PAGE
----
If this money is designated as non-retirement funds, I’d say go ahead and cash it out. Use the money to pay down debt, and continue to stay focused working the Baby Steps. Get that debt paid off, build an emergency fund of three to six months of expenses, then it’s your turn to start investing.

The quickest way to build wealth is to get control of your largest wealth-building tool—your income. When all your money is going out the door to other people, you don’t have that tool at your disposal when it comes to important things like saving and investing. There’s some math in there, but it’s also about behavior and being intentional. Getting out of debt dramatically shortens the distance between you and wealth.

A lot of people are having some major “never again” moments right now in the wake of COVID-19 and all the other stuff 2020 has thrown at us. They’re saying things like, “Never again will I be broke, never again will I have debt, and never again will I live with no savings to help take care of me and my family.”

You can do this, Chris. Get after it! 

—Dave

Zero-based budgeting explained

Dear Dave,

What exactly is a zero-based budget?

Dean

Dear Dean,

Simply put, a zero-based budget is income minus outgo equals zero. If you earn $4,000 a month, and you’re doing a zero-based budget, every item you spend, save, give and invest should add up to $4,000. It’s a method of knowing where every single one of your dollars is going. Most people don’t live on a budget. They just cash checks, write checks, then they look up and wonder where all their money went. Not having a plan, especially for your money, is a bad plan.

List all your income from all sources for the month. Next, list every single expense you have each month. Rent, food, cable, phones, and anything else you pay for gets added to the list. Your expenses vary from one month to the next, which is why you make a new spending plan each month.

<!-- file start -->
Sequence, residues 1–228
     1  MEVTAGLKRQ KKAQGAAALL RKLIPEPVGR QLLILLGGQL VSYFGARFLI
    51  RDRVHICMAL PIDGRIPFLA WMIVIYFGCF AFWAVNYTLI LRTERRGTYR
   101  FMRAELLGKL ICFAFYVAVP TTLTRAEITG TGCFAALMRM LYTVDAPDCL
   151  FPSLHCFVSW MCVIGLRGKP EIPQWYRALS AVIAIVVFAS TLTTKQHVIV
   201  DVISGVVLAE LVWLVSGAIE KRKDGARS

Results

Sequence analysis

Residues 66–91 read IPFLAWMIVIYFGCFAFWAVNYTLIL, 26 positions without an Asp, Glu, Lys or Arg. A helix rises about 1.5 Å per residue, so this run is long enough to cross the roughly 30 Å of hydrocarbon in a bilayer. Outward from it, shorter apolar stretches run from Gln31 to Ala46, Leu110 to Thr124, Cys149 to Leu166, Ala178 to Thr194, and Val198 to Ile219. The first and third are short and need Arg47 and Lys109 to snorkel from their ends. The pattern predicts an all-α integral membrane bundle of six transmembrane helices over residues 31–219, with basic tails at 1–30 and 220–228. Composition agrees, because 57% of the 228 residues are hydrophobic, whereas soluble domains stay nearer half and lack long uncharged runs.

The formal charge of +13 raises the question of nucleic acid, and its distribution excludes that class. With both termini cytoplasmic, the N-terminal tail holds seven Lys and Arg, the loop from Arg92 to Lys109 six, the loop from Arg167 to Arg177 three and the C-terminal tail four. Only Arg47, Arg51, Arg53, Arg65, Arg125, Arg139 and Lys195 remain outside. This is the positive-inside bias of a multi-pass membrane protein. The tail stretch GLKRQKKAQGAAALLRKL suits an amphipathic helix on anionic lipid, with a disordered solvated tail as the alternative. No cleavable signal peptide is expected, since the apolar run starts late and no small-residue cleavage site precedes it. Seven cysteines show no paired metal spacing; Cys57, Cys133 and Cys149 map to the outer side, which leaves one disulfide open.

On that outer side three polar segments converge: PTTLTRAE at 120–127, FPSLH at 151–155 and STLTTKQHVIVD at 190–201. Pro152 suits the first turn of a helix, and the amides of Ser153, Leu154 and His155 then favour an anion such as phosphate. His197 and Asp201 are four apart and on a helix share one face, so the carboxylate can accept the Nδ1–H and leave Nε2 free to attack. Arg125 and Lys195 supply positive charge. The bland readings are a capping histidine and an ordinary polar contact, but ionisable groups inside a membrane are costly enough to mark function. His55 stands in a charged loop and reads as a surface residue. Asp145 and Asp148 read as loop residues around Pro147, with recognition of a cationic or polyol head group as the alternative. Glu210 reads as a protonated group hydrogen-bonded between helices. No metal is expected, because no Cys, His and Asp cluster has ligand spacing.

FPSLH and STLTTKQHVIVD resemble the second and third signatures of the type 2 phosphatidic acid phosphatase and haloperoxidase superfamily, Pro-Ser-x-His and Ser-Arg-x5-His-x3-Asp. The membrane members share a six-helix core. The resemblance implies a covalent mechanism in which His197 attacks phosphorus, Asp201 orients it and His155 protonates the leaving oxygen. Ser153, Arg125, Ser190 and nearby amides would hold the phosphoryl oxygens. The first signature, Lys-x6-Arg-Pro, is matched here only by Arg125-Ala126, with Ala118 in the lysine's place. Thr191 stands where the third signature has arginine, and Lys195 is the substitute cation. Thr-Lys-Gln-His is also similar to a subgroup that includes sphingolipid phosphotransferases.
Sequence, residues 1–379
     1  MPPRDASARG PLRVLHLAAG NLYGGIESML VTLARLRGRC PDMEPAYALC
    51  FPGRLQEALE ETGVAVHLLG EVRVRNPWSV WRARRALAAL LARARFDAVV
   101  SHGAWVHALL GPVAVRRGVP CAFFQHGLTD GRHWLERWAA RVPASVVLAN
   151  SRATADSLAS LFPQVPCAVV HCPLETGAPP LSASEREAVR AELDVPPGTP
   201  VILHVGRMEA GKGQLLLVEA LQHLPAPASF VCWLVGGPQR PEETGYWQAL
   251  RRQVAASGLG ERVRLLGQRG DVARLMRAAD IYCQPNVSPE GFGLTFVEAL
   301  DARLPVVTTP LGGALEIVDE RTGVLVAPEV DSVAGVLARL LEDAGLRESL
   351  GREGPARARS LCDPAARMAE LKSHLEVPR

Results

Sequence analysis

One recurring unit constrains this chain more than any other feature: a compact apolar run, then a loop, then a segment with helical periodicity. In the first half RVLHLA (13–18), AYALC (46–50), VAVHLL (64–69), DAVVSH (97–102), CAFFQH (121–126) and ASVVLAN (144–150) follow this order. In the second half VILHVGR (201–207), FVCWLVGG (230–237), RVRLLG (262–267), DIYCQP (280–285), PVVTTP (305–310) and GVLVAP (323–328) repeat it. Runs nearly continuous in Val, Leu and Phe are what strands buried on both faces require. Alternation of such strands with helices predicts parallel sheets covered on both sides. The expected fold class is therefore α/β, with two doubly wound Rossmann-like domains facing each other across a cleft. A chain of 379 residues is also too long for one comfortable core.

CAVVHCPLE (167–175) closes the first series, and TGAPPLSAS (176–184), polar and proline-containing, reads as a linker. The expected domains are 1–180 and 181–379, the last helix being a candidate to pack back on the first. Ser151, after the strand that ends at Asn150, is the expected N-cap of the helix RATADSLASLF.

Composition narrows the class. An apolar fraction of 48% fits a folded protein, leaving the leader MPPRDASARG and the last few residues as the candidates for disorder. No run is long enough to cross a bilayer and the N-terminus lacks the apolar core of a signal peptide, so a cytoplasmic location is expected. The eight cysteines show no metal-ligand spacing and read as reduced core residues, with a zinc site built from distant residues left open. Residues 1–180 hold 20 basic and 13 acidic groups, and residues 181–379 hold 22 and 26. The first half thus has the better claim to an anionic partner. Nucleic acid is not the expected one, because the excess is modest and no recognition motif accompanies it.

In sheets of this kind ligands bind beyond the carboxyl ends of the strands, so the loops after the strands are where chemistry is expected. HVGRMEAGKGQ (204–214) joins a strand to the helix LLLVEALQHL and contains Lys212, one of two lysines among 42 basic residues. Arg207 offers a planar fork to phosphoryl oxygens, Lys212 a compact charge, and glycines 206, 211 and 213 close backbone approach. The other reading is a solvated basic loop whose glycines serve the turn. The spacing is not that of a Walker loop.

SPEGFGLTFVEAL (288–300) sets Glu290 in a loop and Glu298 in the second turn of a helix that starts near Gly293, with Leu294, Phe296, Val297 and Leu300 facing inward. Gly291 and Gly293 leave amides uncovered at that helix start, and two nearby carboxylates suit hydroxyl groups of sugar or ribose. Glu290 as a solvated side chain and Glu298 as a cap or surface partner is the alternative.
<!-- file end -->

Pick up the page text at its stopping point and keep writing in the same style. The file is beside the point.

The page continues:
Now, here’s where it gets real. Subtract your income from your expenses. Ideally, this number will be zero. It might take some practice, so don’t be discouraged if everything doesn’t balance out perfectly the first few times. All that means is you need to find a way to bring one of the numbers up, the other one down—or both. But whatever you do, don’t spend a dime that’s not accounted for.

If you have a problem with spending more than you make, make some cuts in order to equalize your income and your outgo. Using coupons, cutting back on groceries, or carpooling to work are great ideas to reduce spending. If you want to generate more money, get a second job on weekends or sell some stuff.

You’re the boss of the budget—in the beginning. Once it’s committed to paper, in a spreadsheet, or on an app like EveryDollar, the budget is the boss!

—Dave

* Dave Ramsey is a seven-time #1 national best-selling author, personal finance expert, and host of The Dave Ramsey Show, heard by more than 16 million listeners each week. Hehas appeared on Good Morning America, CBS This Morning, Today Show, Fox News, CNN, Fox Business, and many more. Since 1992, Dave has helped people regain control of their money, build wealth and enhance their lives. He also serves as CEO for Ramsey Solutions.